What if I don’t succeed in this new endeavor – grad school, starting a business or job, parenting, paying off debt, leadership responsibilities, moving?

     What if the person I love rejects me and I’ve poured myself out for nothing?
     What if it takes forever to recover after this awful thing?
     What if things don’t get better?
The letters I-F in “what if?” give us a quick way to reveal what I Fear, and I confess a sinking familiarity with this list because I’m asking the same questions on some level every single day. I don’t think these fears are unique to anyone!

It shouldn’t be that surprising to confront growing fear while preparing for Christ’s coming. The Israelites must have mused, Our prophets seemed like they were crazy anyway, we were captured and in exile, and now we’ve had hundreds of years without a messenger from God… What if this is all a joke? Shouldn’t the Messiah be here by now? An angel had to command Joseph not to fear taking Mary as his wife. The shepherds were terrified for one of the most glorious fresh-air Angelic choir concerts of all time. And even today we’re bombarded with skepticism about Jesus’ return: Look at people like Howard Camping! Is it crazy to think this is real? Shouldn’t Jesus be back by now?  Human fear permeates the story of Christmas, so why shouldn’t contemplating the mysteries of Christ’s coming bring our own everyday fears to light as well?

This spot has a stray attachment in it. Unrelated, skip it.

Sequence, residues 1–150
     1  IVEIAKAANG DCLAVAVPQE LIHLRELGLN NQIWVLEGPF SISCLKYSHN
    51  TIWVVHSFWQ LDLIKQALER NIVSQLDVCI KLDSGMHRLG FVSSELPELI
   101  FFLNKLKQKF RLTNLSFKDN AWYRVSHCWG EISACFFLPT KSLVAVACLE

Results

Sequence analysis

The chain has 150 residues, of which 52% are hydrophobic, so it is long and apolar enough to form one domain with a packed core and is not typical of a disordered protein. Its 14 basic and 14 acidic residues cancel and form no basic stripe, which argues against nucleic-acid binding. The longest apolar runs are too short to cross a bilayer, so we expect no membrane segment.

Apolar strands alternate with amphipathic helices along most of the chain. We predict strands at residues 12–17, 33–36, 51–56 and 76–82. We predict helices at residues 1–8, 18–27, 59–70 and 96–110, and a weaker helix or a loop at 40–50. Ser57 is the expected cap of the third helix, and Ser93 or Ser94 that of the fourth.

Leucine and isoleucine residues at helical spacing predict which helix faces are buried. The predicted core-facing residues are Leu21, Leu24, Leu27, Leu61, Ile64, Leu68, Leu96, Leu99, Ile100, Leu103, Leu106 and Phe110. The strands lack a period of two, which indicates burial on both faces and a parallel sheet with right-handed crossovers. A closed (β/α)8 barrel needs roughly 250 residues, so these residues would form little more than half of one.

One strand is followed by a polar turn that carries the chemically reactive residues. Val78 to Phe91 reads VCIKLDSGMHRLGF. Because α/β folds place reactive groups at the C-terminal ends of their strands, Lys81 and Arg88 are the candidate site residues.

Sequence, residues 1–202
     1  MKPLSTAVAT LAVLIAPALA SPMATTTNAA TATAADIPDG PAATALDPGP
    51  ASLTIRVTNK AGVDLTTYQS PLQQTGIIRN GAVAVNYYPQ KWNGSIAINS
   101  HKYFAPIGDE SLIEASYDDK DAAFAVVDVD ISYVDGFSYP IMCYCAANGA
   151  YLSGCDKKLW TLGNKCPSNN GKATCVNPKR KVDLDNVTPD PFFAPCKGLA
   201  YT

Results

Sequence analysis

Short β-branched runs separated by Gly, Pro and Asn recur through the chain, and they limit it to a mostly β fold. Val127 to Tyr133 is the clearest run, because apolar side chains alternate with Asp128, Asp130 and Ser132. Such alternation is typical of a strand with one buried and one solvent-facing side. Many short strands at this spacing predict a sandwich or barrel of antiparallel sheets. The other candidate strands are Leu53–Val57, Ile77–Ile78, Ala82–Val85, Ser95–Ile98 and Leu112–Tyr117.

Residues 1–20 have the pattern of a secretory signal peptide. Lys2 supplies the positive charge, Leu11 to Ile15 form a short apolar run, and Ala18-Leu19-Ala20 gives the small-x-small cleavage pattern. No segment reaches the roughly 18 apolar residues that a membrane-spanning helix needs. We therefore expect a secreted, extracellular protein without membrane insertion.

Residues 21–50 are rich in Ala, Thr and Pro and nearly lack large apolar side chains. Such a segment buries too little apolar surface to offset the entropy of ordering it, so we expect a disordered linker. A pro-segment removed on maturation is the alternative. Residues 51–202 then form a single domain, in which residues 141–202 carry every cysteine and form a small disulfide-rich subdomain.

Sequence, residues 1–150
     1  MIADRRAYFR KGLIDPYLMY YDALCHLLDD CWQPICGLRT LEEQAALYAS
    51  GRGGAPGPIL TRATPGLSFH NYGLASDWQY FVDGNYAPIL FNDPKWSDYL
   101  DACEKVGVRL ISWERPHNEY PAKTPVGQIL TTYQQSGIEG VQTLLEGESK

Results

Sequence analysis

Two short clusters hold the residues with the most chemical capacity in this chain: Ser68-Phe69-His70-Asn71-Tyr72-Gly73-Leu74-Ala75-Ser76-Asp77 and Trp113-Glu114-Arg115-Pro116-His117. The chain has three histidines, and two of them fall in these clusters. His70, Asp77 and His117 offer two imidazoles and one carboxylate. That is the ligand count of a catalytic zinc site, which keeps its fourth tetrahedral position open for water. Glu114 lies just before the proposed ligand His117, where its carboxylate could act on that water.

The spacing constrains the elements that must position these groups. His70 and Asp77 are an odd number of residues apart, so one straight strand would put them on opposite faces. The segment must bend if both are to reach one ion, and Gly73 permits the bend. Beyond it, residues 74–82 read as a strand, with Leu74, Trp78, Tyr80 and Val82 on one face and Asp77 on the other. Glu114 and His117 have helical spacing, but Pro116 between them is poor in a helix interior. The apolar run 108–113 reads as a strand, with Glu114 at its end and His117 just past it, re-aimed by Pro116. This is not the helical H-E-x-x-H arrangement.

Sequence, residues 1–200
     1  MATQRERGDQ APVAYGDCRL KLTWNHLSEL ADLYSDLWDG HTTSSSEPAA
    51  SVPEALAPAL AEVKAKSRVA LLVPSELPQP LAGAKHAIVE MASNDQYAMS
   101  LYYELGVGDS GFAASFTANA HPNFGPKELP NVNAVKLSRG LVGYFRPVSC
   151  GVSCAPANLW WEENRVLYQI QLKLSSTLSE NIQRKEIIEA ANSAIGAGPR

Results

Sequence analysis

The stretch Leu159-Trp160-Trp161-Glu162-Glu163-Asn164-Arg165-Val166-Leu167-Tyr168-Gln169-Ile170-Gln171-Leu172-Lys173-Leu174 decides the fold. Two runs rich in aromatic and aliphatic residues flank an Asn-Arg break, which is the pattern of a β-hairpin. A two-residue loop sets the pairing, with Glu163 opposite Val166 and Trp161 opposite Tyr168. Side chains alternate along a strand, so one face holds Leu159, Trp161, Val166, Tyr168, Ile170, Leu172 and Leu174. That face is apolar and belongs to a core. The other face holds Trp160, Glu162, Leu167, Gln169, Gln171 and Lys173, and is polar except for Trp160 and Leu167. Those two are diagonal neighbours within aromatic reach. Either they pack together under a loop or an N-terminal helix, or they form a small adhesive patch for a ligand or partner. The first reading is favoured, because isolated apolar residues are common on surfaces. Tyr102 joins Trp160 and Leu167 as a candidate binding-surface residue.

The Christmas story is beautiful here as it validates and releases these fears with  the messages of our Advent contemplations – hope, peace, joy and love.
Weary Israel: This is the branch from Jesse, with the spirit of the fear of the Lord, which remedies all the rest of your fears.
Take courage, Joseph: These crazy and embarrassing circumstances you don’t understand fulfill my promise to bring forth salvation.
Good news, lowly Shepherds:  Salvation comes for all people, including you.